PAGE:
*De Wette, Bauer, Wegscheider. * See Allix. pp. 121 and 268.

In like manner, the prophet Zachariah, in speaking of the times of Messiah says: "In that day, there shall be Jehovah one, and his name “one.” And that this command was so understood by the Jews in our Saviour's time, is evident; for when he quoted this passage in reply to the inquiry, "which was the first and great commandment," the Scribe answered, "Well master thou hast said the truth, for there is one God, and there is none other but he."—(Mark xii: 28-34.) And thus also, the apostle Paul, the learned converted Jewish Rabbi, says, “There is none other God but one."-(1 Cor. viii: 4.) Such also, is the interpretation given by ancient Jewish writers. This has been proved by many both converted Jews and learned christians. Thus, in explaining the passage quoted from Zachariah, Rabbi David Kimchi interprets it as teaching that "the heathen will acknowledge that Jehovah is alone, that there is no God besides him, consequently there will be his name alone; as they will not make mention by name of any other God in the world; but will make mention of his name only." Indeed, so great is the sameness of this text, and that in Deut. vi: 4, that Rabbi Solomon has explained the one by the other, and has made the former, instead of a solemn attestation of the numerical unity of God, to be a prediction of the universal worship of Jehovah in the reign of Messiah. “He who is our God now, and not the God of the Gentiles, will hereafter be one common Jehovah.” So also, Rabbi Abraham, another eminent Jewish Commentator, interprets Deut. vi: 4. "In other words," says he, "he, our God, is the foundation of our faith; and is likewise doubled, on being called one; meaning by himself, or alone; for that Jehovah is in this sense one, there are proofs without end.” To the same effect might be quoted Rabbi Bechai Lipman and Rabbi Isaac Abarbinel.* It is, therefore, very plain, both from the passage itself, from other similar passages, and from Jewish authorities themselves, that the term one in Deut. vi: 4, does not refer to a numerical, or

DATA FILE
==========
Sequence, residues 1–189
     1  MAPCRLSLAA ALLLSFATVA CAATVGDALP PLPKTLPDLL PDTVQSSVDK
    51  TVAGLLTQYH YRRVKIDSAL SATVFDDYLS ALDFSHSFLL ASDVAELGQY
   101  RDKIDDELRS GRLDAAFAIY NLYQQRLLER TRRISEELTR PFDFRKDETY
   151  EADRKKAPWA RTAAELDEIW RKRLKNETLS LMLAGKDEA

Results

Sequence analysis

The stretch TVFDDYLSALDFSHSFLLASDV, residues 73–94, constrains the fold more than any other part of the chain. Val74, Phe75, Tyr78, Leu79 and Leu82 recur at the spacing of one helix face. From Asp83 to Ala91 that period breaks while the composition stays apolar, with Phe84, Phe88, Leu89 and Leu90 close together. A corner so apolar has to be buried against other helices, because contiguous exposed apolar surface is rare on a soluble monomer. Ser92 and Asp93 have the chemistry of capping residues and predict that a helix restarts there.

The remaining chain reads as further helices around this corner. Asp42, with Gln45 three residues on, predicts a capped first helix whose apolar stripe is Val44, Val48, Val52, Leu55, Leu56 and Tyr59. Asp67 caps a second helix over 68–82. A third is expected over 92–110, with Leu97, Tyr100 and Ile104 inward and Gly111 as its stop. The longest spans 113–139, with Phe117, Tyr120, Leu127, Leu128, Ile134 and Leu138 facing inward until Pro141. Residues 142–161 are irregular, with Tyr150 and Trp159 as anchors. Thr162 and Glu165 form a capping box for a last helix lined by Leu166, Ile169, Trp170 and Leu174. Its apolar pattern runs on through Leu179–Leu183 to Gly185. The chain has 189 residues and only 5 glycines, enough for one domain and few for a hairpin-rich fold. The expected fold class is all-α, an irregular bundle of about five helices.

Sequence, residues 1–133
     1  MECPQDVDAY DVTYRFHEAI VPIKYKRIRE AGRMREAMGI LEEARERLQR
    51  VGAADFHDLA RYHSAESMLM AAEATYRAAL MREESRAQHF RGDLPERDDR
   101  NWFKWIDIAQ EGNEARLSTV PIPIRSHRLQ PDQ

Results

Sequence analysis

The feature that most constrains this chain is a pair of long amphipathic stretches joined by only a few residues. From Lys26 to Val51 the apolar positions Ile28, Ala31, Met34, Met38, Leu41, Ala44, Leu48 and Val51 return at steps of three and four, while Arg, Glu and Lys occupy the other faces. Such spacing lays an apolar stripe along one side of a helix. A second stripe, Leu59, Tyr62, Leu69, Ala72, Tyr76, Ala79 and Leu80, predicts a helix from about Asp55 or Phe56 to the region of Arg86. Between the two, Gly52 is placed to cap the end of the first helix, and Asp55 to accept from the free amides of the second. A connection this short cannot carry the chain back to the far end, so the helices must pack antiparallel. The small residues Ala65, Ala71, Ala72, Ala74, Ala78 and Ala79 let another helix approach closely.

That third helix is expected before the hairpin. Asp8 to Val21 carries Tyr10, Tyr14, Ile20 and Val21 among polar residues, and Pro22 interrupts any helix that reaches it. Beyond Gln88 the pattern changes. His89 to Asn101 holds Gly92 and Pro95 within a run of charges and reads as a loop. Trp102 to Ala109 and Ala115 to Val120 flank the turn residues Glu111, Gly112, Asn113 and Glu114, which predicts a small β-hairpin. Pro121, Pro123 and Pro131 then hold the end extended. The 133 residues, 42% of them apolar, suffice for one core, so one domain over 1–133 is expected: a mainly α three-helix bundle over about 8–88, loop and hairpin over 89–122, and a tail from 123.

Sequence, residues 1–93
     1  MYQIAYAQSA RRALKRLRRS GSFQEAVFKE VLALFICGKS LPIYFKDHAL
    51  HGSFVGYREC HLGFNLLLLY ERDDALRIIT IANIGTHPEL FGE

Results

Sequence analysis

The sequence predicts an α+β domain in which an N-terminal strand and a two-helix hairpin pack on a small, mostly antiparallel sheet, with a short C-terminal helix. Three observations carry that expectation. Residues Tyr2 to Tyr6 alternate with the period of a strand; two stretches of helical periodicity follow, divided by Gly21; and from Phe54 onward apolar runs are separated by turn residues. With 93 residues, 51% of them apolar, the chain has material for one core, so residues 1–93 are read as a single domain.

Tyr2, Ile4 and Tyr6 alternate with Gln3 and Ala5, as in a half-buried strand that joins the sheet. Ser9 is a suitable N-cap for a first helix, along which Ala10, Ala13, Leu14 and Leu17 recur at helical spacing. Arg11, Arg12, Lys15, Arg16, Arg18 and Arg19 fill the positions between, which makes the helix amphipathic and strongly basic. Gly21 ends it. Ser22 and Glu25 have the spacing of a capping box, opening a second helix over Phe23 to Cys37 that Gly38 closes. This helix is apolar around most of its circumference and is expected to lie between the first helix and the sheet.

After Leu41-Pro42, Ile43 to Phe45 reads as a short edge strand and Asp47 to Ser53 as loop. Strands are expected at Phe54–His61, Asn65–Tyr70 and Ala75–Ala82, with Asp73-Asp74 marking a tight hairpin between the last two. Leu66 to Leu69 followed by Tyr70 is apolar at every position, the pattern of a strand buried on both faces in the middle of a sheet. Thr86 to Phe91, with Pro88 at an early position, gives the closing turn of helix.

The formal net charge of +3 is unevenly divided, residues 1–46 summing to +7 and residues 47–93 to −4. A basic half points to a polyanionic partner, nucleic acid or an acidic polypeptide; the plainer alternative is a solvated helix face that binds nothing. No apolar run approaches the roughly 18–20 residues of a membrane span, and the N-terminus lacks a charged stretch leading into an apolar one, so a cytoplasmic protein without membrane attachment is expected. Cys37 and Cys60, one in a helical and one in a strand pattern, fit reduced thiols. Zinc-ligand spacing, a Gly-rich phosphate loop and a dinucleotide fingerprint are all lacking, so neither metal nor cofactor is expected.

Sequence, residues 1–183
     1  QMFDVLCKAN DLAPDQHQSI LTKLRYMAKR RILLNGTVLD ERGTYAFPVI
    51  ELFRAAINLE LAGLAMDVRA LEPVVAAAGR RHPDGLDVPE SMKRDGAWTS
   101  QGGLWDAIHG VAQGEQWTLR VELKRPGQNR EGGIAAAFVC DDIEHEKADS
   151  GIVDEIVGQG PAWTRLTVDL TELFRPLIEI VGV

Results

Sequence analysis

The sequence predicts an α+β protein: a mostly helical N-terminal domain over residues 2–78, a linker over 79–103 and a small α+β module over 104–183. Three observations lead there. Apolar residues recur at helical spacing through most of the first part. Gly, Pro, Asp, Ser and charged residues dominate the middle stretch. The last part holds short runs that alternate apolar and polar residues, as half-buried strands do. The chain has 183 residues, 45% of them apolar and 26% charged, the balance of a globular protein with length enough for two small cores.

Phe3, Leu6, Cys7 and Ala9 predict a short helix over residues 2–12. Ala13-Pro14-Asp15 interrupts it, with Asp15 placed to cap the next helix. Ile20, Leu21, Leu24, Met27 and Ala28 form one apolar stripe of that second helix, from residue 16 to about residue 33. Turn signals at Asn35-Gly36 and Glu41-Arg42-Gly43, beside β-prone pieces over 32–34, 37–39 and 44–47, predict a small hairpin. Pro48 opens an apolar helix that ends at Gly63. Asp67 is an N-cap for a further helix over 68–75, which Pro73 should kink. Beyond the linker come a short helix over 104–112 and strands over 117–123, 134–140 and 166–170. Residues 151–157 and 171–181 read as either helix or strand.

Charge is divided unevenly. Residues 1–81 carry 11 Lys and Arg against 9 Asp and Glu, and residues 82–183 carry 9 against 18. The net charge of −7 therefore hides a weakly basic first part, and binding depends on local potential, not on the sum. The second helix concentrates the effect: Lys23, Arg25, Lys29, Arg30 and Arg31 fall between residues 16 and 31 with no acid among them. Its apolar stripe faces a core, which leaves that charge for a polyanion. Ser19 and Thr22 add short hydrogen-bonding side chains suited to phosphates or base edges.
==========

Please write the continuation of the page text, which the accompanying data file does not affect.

*See given in the original in Oxlee's "Christian Doctrine of the Trinity maintained on the principles of Judaism."-Lon. 1815, 3 vols., vol. I, p. 334.

metaphysical unity of person in the Diety, but to a unity of Godhead.